UTEP Students Prepare for Flight Aboard NASA's "Weightless Wonder"
April 17, 2015 | UNIVERSITY COMMUNICATIONS
Five UTEP students will venture to NASA Johnson Space Center's Ellington Field in Houston to conduct experiments aboard the "Weightless Wonder" aircraft in June 2012.
The Reduced Gravity Education Flight Program (RGEFP) gives undergraduate students the opportunity to propose, build and fly experiments in reduced gravity. The teams will perform the experiments aboard a microgravity aircraft which produces periods of weightlessness for up to 25 seconds at a time by executing a series of approximately 30 roller coaster-like parabolas over the Gulf of Mexico. During the free falls, the students will to gather data in the unique environment that mimics space.
UTEP team's opportunity to participate is the result of the hard work and commitment of undergraduate students Alan Alvillar, Steven Ambriz, Sergio Guerrero, Jonel Ortiz, and Jonathan Torres, graduate students Armando Delgado and Jorge Frias, and faculty advisor Prof. Evgeny Shafirovich. The team was selected based on scientific merit and educational outreach potential from more than 60 proposals. They have put many hours into researching and building their experiment. They are also taking time to reach out to other students and the community to share their unique experiences and discoveries. For example, in March, they presented their work to students of Riverside High School, Austin High School, and Lady of the Valley Middle School.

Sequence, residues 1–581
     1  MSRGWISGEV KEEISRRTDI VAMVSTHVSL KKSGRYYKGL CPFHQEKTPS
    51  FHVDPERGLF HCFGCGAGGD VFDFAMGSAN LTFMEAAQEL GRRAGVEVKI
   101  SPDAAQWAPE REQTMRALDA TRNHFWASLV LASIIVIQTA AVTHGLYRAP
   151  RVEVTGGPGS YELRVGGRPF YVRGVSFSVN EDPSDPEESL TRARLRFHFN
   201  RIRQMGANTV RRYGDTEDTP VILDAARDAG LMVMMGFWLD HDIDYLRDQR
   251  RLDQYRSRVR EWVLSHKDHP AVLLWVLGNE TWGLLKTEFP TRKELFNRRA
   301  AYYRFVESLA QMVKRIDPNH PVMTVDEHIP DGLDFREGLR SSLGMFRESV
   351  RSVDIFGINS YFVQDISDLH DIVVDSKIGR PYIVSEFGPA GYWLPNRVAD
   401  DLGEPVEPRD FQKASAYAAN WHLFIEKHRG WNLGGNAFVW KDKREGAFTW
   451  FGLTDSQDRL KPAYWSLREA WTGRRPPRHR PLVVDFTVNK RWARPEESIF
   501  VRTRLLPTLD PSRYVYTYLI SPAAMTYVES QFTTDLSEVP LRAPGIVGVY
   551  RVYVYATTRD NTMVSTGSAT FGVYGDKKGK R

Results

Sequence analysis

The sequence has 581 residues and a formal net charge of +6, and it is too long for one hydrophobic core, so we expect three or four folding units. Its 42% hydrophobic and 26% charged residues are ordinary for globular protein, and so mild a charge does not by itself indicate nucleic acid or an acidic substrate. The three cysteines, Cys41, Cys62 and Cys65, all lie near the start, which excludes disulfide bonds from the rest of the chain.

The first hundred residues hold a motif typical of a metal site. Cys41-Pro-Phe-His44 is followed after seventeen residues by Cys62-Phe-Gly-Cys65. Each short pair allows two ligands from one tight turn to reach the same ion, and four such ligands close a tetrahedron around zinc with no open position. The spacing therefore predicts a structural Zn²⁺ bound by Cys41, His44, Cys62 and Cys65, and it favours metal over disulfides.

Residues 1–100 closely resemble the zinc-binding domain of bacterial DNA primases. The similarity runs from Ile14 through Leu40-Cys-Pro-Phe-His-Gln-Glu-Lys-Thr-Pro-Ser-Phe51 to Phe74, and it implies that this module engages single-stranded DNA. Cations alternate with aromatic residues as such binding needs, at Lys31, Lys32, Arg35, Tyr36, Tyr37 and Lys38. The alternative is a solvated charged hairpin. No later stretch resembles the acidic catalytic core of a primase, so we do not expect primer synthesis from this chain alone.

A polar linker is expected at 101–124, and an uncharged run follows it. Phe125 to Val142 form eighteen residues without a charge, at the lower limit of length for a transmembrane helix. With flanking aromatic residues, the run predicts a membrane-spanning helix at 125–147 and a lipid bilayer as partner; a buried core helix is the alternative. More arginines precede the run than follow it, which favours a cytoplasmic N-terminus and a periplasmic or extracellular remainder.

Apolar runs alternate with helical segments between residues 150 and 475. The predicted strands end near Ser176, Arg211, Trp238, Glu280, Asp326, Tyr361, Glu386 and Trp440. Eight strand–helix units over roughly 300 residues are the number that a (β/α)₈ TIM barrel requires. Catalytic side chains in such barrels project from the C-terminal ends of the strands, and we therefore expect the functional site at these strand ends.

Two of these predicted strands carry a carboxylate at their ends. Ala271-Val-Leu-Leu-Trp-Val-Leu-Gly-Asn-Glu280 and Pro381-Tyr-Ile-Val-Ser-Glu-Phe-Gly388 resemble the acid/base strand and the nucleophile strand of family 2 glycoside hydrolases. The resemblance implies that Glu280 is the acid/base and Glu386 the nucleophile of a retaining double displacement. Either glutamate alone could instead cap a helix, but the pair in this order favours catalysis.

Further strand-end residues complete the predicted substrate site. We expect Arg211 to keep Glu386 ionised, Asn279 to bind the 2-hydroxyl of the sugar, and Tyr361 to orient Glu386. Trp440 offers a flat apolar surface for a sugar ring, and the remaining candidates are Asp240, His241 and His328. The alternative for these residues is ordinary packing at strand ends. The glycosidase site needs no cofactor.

"We are excited that our program provides once-in-a-lifetime opportunities for aspiring scientists and engineers to study and understand their craft. The students gain useful skills by participating in the program through collaborative planning and teamwork," said Doug Goforth, RGEFP Manager.
The UTEP student team will arrive at Ellington Field, where astronauts do their T-38 training, on June 7, 2012. They will then go through physiological training and fly their experiment during the week of June 11. This experiment will investigate combustion of lunar regolith simulant mixed with magnesium, with the goal to develop a method for the production of construction materials on the Moon. Following their flight, the team will evaluate findings, draw conclusions and provide the results to NASA. The team's work is supported by UTEP's Center for Space Exploration Technology Research.
For more information about the Reduced Gravity Education Flight Program, visit: http://reducedgravity.jsc.nasa.gov/
Or contact Rachel Kraft at NASA Johnson Space Center's Public Affairs Office, at 281-792-7690, or email@example.com
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